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Iran’s Opposition Comes to Washington

"We are all Iranians now."

9:00 AM, Jan 25, 2010 • By STEPHEN SCHWARTZ
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Understanding little Farsi, I without doubt missed most of the details of Kadivar’s sermon, although he has a fascinating and inspiring website with English translations.  His commentaries include reporting, in an interview with the German weekly Der Spiegel, that during Montazeri’s funeral in Qom, the clerical center of Iran, the hundreds of thousands of assembled mourners shouted “Death to the dictator! Our leader is our shame!” – words never before heard in that conservative city.  He continued, “I am convinced that the regime will collapse… Western countries should stop treating Ahmadinejad’s government as the legitimate government of Iran.”

Still, I did not need to check the Internet to understand the meaning of the GWU meeting.  The content was obvious from the videos and the Islamic vocabulary in praise of Montazeri, which is based on Arabic terminology known to any serious student of Middle East studies.  This point is paradoxical: The discourse of freedom struggles is universal, but opportunities for their success may be lost if their protagonists cannot convey the full import of their message to others, especially in America.   The words of Iran’s millions of dissenters must not remain locked in a Farsi-language box.   

It is no exaggeration to say that the future of the world depends on developments in Iran.  Thirty years after 1979, the year when the challenge of radical Islam as a state ideology emerged with new and menacing vigor in that country, the stolen election of 2009 may have begun a new cycle of global democratization.  Such might end radical dominance over Muslims, dispel the threat of terrorism, and create new opportunities for real dialogue between the Islamic lands and the West.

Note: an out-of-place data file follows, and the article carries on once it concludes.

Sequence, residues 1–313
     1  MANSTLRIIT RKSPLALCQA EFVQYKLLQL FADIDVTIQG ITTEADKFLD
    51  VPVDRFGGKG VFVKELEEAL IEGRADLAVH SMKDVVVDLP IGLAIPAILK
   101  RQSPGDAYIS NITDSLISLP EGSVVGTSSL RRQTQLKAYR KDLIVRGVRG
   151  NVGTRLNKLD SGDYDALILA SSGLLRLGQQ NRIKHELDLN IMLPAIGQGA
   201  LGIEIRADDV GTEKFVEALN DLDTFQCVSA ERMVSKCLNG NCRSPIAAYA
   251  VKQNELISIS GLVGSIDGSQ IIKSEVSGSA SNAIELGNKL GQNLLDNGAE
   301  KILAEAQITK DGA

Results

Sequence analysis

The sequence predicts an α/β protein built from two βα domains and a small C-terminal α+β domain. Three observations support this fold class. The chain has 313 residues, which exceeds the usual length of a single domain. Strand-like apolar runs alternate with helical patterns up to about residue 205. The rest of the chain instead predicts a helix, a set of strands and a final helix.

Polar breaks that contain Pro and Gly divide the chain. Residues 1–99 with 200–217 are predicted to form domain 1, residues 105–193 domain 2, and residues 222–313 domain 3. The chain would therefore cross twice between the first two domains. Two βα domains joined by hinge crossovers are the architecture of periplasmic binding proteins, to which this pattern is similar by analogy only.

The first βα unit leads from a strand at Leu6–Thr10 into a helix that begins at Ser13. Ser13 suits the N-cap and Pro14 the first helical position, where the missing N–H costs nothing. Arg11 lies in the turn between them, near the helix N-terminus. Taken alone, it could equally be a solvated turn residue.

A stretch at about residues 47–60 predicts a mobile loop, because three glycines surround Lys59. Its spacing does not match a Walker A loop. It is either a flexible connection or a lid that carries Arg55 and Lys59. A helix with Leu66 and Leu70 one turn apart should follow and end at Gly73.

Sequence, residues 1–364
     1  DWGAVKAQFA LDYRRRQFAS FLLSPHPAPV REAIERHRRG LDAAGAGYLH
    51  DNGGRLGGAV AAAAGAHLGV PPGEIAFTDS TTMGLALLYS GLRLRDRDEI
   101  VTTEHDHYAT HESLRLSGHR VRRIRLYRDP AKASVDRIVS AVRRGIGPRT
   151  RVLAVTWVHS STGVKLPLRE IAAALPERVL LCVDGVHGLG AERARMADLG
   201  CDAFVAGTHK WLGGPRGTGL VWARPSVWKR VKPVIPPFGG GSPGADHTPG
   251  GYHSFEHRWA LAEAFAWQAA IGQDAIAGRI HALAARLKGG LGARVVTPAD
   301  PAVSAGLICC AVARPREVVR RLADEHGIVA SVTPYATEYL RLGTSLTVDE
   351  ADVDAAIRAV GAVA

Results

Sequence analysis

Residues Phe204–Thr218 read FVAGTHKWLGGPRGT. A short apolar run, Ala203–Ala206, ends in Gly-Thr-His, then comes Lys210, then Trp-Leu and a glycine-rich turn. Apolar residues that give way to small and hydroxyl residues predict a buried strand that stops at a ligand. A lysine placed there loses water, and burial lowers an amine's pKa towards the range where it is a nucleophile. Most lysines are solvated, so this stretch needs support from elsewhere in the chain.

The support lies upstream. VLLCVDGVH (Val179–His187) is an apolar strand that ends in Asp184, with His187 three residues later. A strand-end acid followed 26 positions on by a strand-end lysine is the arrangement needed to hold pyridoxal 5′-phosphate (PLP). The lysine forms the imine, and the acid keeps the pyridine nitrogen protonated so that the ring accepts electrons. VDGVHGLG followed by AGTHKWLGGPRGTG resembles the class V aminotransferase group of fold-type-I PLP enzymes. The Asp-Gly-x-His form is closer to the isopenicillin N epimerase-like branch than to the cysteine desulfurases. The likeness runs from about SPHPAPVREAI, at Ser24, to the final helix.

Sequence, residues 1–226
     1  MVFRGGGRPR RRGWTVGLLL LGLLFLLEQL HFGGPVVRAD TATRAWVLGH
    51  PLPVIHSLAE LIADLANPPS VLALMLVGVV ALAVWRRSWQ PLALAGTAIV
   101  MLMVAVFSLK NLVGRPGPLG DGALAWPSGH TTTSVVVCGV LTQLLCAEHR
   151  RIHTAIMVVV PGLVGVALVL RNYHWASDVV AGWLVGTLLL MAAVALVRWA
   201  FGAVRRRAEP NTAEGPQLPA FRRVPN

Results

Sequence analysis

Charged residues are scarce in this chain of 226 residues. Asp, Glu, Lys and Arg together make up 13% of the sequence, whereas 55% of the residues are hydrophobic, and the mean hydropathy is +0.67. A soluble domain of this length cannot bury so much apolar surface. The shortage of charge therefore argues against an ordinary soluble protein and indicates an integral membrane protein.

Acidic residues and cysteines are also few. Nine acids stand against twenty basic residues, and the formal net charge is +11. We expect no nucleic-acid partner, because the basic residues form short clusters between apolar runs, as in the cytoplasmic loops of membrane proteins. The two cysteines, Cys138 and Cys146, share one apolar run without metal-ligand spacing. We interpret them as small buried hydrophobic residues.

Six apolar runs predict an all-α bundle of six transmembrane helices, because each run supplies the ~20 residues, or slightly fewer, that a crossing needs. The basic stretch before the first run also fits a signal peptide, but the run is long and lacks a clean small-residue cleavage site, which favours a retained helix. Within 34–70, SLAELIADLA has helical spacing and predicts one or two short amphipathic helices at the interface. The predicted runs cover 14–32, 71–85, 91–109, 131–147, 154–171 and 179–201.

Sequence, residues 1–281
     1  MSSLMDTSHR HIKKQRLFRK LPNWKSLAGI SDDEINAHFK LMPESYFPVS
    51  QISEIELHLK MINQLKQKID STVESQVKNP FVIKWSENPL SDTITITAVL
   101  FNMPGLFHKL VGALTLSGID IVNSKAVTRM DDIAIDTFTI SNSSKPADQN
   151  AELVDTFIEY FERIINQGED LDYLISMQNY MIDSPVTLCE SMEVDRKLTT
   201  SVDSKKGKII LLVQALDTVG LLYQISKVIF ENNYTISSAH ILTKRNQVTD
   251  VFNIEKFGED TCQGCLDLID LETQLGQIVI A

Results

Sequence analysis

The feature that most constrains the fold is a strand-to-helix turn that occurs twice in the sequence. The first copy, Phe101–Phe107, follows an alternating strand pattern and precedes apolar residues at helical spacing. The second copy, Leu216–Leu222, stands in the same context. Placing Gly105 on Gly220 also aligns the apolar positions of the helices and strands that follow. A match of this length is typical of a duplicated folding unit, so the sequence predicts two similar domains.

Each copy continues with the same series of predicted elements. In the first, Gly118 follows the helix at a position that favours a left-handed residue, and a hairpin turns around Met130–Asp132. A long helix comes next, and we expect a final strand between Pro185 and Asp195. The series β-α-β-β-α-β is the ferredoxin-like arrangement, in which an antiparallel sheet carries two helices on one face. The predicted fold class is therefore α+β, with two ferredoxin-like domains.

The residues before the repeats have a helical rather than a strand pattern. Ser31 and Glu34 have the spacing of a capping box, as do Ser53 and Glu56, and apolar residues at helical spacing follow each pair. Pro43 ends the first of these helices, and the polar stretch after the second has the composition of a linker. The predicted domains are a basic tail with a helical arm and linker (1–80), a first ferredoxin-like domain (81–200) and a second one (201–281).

But for so positive an outcome to be realized, the barriers of language between the Iranian Green Movement and those outside Iran who sympathize with them must be dissolved.   The indifference of the Obama administration to the Iranian struggle is scandalous enough.  But Washington is replete with democracy experts, veterans of the efforts to aid the contras and Polish Solidarity, proponents of Cuban and Chinese dissenters, and many other liberals and conservatives who may have nothing in common with the Green Movement but hatred for Khamenei and Ahmadinejad.   All these potential allies of the martyred Iranian people must come together, boldly and openly, to change the policy of the White House toward Iran, beginning with provision for the Washington-area partisans of Iranian liberty to present their case in English and in major media.  Most Iranians living in and around Washington speak perfect English.  Televised commentaries about Iran by cautious talking-heads are insufficient.

We must show the Iranian people that in America there are people – many people – who understand the global urgency of the political conflict in Iran, and who are prepared to act decisively in favor of universal popular sovereignty rather than an unprincipled, fake diplomacy that would appease the clerical usurpers.  Some will argue that open support for the Iranian opposition will serve the oppressive regime by validating the claims of Khamenei and Ahmadinejad that the resistance they face is instigated by the U.S. and Israel.  But it is clear that Iran’s new revolutionaries have surpassed any susceptibility to such obvious demagogy. 

I emphasize: Friends of democracy, the time has come to mobilize, to translate and circulate as widely as possible the writings and YouTube clips produced by the optimistic challengers of the Islamic Republic, with all the energy and resources we can muster.  With millions in that tormented country filling the streets with their demands for liberation, any other course would be a shameful and ineradicable stain on our democratic principles and heritage.  

Leaving the Montazeri memorial at GWU I felt deeply moved, and for the first time thought “we are all Iranians now.”   

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